Setting aside the Moriori myth


For more than 100 years, New Zealanders have been fed a myth.

The myth goes something like this: that once upon a time, Aotearoa was home to a race of people called the Moriori. That the Moriori were primitive, inferior folk. And that eventually, when Māori arrived on these shores, they massacred, ate, and completely wiped out the Moriori people.

The myth was busted decades ago - yet it has persisted for generations.


Because it's convenient, according to Maui Solomon.

Solomon is the chair of Hokotehi Moriori Trust. He, alongside many others with Moriori hokopapa, has been fighting for correction of the historical record - and for a treaty settlement - since 1988.

And earlier this month, that settlement was finally signed, sealed and delivered.

"The reason [the myth of Moriori extinction] became so powerfully ingrained in the psyche of New Zealanders is because, if Māori could push Moriori out of NZ, then later European migrants could push Māori off their land,” he says.

"It suited the narrative, and it was a justification of European colonisation of Māori land."

In truth, the Moriori are something of a composite people, Solomon says.

"Moriori are the waina pono - the original inhabitants - of Rēkohu/Chatham Islands.

"According to our oral traditions, the first ancestors arrived directly from eastern Polynesia and settled there.

"Later, waka arrived - most likely from the east coast of the North Island - and found people already in occupation.

"So, according to our traditions, there are two streams of settlement to Rēkohu: one directly from eastern Polynesia, and secondly, most likely from the east coast of the North Island."

For hundreds of years, Moriori lived a peaceful, pacifist existence based on the teachings of tribal elder Nunuku, who banned war and killing from the islands.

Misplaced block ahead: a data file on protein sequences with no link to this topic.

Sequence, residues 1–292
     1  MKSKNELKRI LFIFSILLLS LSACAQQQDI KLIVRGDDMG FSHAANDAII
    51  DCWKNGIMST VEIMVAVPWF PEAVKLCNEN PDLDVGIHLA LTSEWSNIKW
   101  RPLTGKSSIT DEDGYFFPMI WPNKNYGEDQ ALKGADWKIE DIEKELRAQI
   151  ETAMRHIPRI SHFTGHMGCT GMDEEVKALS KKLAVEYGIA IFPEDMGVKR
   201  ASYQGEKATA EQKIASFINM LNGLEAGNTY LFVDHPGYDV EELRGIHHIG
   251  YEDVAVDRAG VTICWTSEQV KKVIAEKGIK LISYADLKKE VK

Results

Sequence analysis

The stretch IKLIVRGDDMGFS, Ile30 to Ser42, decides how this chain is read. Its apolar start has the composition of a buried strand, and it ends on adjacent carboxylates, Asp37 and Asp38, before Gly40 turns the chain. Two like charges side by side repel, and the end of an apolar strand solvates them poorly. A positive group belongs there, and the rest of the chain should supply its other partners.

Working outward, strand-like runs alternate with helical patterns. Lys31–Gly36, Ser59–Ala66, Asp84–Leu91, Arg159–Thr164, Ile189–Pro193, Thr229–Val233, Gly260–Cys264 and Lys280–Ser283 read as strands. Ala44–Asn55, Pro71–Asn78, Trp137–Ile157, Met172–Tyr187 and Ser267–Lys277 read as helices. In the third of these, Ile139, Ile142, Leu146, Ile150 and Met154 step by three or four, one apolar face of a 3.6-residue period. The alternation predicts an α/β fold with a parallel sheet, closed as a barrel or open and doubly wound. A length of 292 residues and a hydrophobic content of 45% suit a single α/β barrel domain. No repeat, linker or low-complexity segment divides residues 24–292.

Instead, disputes were settled through ritual, hand-to-hand fighting, using sticks twice the width of a man's thumb; and which would finish, with no loss of honour, when first blood was drawn.

Everything changed, however, when two Taranaki iwi - Ngāti Mutunga and Ngāti Tama - invaded the islands in 1835.

Solomon says the invaders attacked and killed about 300 of the 2,000 or so Moriori living on the island, and enslaved the rest.

For nearly three decades Moriori lived in desolate conditions.

Banned from speaking their own language, and even from marrying one another, they begged for help from New Zealand's governor George Grey in 1862.

No help was forthcoming.

By 1870, fewer than 200 Moriori remained; more than 90 percent had been wiped out.

Earlier this month, Moriori representatives met Treaty Negotiations minister Andrew Little to sign their Deed of Settlement. 

The terms include an agreed account of Moriori history; a Crown apology; the transfer of culturally significant land on Rēkohu; and compensation to the tune of 18 million dollars.

Maui Solomon estimates there are about 6,000 people with Moriori heritage now scattered around the world, with more than 2,000 registered with the Trust.

He says the key is encouraging the new generation of Moriori to take pride in their heritage, and to set an example.

"I wanted my own tamariki to know who they are, and know about who they are.

"My second wife, Susan ... we have a blended family, and she has two boys.

"They have Ngāti Mutunga whakapapa back to the island.

"So, in our own family is an example of how peace and harmony can exist between Moriori and Ngāti Mutunga."